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What’s Verified Fan? Explaining the Ticketing Tech Bruce Springsteen Is Bringing to Broadway

Suddenly, a lot of Broadway is wondering: What’s Verified Fan?

That’s because two of this season’s most hotly anticipated shows — beginning with Bruce Springsteen’s upcoming run of concerts this fall — are namechecking Ticketmaster’s new program as the only way to score tickets. “Springsteen on Broadway” announced it would be using Verified Fan just a week after the New York transfer of London smash “Harry Potter and the Cursed Child” said it would also be using the service when “Harry Potter” opens in the spring.

Broadway has enlisted Verified Fan as part of an overall effort to grapple with automated ticketing bots, which third-party resellers can use to snap up high-demand tickets the instant they go on sale — and then resell to consumers at jacked-up prices. Last year, the Broadway community was part of a push for a New York state law that would make bots illegal, with Lin-Manuel Miranda, creator of bot-bait smash “Hamilton,” among those adding his voice in support. (Bots have also become a hot topic on London’s West End, where megaproducer Cameron Mackintosh and “Potter” producer Sonia Friedman are contributing to efforts to cut down on scalping.)

In order to buy tickets through Verified Fan, consumers must register their name, mobile number, and address in the days prior to the on-sale date. That gives Verified Fan’s identity protocols the time to weed out the scalpers from the buyers most likely to use their tickets themselves.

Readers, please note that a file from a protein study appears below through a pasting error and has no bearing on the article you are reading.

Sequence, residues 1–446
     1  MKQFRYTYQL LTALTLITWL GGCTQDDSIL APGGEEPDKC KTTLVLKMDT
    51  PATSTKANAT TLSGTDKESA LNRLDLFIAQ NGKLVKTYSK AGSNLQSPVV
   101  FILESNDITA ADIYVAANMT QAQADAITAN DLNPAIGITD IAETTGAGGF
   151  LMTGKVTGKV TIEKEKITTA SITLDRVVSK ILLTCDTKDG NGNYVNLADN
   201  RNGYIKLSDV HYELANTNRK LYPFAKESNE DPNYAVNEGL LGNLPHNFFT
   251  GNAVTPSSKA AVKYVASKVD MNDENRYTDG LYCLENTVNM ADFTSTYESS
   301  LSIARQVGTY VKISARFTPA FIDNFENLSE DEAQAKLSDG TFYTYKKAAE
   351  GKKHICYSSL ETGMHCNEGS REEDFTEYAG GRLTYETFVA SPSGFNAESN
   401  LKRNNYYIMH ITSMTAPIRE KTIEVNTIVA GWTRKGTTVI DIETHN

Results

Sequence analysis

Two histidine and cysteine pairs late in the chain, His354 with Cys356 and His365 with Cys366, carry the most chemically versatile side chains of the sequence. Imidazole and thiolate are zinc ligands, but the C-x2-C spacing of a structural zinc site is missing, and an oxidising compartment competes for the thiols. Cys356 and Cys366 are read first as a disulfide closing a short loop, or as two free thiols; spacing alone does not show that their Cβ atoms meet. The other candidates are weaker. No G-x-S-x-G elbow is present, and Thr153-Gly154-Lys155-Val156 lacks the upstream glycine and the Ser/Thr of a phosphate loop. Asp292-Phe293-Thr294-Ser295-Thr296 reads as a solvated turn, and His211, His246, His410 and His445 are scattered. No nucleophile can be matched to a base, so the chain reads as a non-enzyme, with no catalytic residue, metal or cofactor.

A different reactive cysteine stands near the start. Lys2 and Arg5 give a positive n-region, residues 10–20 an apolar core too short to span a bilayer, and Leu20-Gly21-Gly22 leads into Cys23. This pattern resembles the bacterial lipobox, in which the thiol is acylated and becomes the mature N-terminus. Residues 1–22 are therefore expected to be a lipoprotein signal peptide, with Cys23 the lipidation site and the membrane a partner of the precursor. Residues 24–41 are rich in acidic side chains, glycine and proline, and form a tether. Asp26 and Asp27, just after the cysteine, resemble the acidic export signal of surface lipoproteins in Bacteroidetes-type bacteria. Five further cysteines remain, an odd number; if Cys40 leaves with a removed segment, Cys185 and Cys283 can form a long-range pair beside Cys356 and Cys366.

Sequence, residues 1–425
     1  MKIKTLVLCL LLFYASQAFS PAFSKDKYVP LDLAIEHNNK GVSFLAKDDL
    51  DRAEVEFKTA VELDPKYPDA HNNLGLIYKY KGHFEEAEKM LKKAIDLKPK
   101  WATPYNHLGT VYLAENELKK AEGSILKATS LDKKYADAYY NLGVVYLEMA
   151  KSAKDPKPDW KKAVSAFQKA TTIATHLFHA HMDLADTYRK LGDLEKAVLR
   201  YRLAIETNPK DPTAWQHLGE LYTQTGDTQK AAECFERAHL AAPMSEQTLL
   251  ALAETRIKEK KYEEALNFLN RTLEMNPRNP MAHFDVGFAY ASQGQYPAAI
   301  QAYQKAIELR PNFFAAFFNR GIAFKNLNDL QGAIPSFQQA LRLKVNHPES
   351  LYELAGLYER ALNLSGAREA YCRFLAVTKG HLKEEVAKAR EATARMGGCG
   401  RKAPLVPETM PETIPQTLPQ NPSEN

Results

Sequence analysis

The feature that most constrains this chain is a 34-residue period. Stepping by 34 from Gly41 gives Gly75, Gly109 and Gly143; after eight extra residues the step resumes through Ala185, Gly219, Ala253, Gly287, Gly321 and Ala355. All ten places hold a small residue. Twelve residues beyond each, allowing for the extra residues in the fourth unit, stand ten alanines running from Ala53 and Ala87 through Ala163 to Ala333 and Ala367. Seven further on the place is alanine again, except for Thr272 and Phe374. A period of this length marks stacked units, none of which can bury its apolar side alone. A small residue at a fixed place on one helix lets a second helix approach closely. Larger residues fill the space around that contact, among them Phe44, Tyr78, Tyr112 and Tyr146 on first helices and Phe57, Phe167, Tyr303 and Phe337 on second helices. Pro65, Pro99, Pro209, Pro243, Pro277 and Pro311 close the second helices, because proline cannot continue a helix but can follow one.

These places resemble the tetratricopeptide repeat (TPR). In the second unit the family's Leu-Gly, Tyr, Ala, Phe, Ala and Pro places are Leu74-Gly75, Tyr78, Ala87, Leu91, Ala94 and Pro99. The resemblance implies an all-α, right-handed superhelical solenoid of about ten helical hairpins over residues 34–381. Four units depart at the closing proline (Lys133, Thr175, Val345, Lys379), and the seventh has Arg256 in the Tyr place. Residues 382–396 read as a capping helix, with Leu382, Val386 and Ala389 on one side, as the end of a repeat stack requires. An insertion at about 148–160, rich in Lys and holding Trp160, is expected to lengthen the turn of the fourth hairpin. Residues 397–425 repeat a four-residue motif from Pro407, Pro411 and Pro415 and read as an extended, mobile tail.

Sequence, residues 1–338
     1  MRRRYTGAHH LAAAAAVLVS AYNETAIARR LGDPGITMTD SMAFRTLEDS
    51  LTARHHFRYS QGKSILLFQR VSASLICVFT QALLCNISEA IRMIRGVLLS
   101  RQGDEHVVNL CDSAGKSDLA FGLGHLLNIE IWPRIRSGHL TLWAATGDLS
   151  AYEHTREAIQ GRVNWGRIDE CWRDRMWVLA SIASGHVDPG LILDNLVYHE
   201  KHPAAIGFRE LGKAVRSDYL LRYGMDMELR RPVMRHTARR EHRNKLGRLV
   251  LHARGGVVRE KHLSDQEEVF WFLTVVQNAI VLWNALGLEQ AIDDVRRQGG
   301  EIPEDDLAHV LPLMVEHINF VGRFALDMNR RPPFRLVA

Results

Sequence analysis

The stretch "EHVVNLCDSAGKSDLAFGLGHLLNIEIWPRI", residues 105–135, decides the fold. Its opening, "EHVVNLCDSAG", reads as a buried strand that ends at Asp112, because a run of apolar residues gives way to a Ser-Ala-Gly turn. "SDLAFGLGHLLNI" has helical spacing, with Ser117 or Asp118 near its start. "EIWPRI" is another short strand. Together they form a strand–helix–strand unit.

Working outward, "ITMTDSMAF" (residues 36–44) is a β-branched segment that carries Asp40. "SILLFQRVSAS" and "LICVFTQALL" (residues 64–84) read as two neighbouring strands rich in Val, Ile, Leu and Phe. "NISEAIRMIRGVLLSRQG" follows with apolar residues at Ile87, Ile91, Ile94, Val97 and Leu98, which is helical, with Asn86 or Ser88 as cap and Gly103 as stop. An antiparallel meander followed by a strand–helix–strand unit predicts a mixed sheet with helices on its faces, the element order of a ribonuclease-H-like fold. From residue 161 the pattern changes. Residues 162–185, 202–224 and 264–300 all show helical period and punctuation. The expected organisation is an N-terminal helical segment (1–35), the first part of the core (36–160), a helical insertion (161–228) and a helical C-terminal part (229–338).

“Our best measure of success is the number of Verified Fan tickets that we’ve seen get resold,” said David Marcus, EVP, head of music for Ticketmaster North America. “Across more than 50 tours so far, we’ve seen less than 5% of the tickets sold distributed over the secondary market.” Ticketmaster has previously used Verified Fan with music acts including Harry Styles, Imagine Dragons, and LCD Soundsystem.

Verified Fan tech will have to be modified somewhat for Broadway, where small venues (1,500 seats for the Lyric Theater where “Harry Potter” will run, and less than 1,000 for “Springsteen on Broadway”) lead to sky-high demand — and elevated ticket prices — for the hottest shows.

Marcus said that Verified Fan has already been used for similarly high-demand events, citing Styles’ upcoming concert at Nashville’s Ryman Auditorium as an example. According to him, the biggest difference from the concert business is the long runs of Broadway outings as compared to the brief stops made by many concert tours. Springsteen will play the Walter Kerr Theater for eight weeks; the much-hyped “Harry Potter” is anticipated to run for years.

For Broadway shows, Verified Fan will have the capacity to suggest alternate available dates. Ticket buyers will also be able to opt in to alerts when desired dates become available.

Being verified, however, doesn’t guarantee you’ll manage to get a ticket. It’s still being determined how Springsteen and “Potter” hopefuls will score a place in the virtual line, whether by random lottery or by measurement on some sort of engagement metric.

Even with the Verified Fan system in place, the anticipated frenzy for both Springsteen and “Harry Potter” will still make tickets massively difficult to nab. Marcus noted that so far, the management of consumer expectations has been the biggest challenge with Verified Fan. “Once you tell somebody you’re a Verified Fan, how do you take that next step to say, ‘But unfortunately, there’s no tickets available?'” he said.

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